School Bus Drivers Report Increase in Number of Illegal Passes of Stopped School Buses

Arkansas school bus drivers recently reported an alarming 884 instances of motorists illegally passing stopped school buses in one day.
A total of 3,896 school bus drivers representing 227 school districts participated in the yearly, one-day survey that occurred on April 24. This reflects an increase from April 2018, when 3,258 bus drivers representing 194 districts participated and reported 857 instances of illegal passes.
“I want to thank the bus drivers and school districts for participating in this year’s survey,” said Jerry Owens, senior transportation manager for the Arkansas Division of Public School Academic Facilities and Transportation. “Never before have we achieved almost 100 percent participation by districts. This indicates that our bus drivers and school districts are making school bus safety a priority and are expressing their concern about the high number of instances regarding illegal passes of stopped school buses. I believe motorists are becoming more aware of the law, but one instance is one too many. Let’s all do our part to ensure our students arrive to and from school safely. Remember Flashing Red. Kids Ahead.”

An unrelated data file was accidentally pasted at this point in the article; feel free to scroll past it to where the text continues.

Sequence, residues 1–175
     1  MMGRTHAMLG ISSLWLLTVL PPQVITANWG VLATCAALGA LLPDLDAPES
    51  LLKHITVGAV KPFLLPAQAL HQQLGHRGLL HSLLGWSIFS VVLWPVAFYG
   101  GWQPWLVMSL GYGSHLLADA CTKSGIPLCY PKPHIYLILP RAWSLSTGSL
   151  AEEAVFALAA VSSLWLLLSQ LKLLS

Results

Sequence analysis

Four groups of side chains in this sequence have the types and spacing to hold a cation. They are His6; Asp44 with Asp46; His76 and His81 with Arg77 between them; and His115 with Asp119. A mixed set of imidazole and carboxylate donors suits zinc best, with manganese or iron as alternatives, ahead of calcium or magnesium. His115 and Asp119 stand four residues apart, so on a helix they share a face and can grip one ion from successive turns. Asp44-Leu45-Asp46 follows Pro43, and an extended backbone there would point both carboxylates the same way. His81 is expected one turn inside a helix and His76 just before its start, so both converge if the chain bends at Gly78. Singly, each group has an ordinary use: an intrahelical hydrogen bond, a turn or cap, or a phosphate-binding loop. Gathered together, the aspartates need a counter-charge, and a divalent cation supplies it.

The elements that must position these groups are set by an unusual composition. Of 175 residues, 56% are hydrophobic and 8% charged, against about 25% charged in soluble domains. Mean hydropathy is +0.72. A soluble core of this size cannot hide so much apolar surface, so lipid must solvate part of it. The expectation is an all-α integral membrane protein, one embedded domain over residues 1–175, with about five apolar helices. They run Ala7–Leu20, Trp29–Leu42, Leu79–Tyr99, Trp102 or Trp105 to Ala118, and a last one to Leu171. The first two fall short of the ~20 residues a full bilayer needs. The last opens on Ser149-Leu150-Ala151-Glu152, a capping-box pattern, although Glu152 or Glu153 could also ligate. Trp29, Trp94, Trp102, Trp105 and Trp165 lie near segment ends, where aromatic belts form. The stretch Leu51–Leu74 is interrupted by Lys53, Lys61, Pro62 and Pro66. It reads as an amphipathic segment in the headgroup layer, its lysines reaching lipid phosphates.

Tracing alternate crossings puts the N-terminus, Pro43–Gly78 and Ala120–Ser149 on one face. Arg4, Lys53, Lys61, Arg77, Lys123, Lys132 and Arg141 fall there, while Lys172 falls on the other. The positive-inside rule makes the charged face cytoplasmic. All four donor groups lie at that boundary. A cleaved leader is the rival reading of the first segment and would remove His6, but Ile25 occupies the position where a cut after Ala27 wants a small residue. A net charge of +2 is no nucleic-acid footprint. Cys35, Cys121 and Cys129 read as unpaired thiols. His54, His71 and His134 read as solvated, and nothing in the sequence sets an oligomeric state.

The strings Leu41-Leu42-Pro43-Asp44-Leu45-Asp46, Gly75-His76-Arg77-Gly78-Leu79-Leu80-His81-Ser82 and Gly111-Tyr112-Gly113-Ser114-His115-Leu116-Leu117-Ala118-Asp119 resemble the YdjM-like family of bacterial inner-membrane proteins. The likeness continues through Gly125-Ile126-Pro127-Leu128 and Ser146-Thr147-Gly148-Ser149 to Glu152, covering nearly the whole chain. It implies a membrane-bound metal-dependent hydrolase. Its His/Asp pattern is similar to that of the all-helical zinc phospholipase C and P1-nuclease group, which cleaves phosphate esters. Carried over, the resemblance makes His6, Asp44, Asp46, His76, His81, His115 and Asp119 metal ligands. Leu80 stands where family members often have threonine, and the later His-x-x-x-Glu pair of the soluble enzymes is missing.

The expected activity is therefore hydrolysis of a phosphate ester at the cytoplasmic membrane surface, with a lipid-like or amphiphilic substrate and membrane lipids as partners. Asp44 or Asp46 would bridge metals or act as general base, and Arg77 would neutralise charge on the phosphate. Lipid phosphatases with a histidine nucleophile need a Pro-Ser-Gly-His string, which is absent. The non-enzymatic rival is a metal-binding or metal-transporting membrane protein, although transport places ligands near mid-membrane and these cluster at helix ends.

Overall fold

During the April 24 morning and afternoon bus routes, bus drivers recorded the number of instances where motorists passed stopped school buses that had their red lights flashing. According to Act 166 of 2019, it is illegal for motorists to pass a stopped bus with its red lights flashing, as students are getting on and off the bus at that time. If convicted, the fines for doing so range from $500 to $2,500.
Of the 884 instances, survey results show that 491 instances occurred during the afternoon versus 393 in the morning. A total of 711 motorists passed from the front of the bus. While a small number, 12 frightening instances occurred where motorists passed on the right side of the bus where students enter and exit the bus. This is compared to 872 instances where motorists passed on the bus driver’s left side. 
“In almost every case, motorists who are traveling in the opposite direction of the bus also must stop when they see a stopped school bus with its red lights flashing,” Owens said. “In these cases, students may need to cross the road in front of the bus to get to their destination.”
The Arkansas Division of Public School Academic Facilities and Transportation conducts the survey each year at the request of the National Association of State Directors of Pupil Transportation Services. The survey results help both the national association and the state better determine the severity of the issue here in Arkansas and improve education and outreach efforts, such as Arkansas’ Flashing Red. Kids Ahead. campaign. 
To learn more about the Flashing Red. Kids Ahead. the campaign, to find outreach resources, and to review transportation laws, visit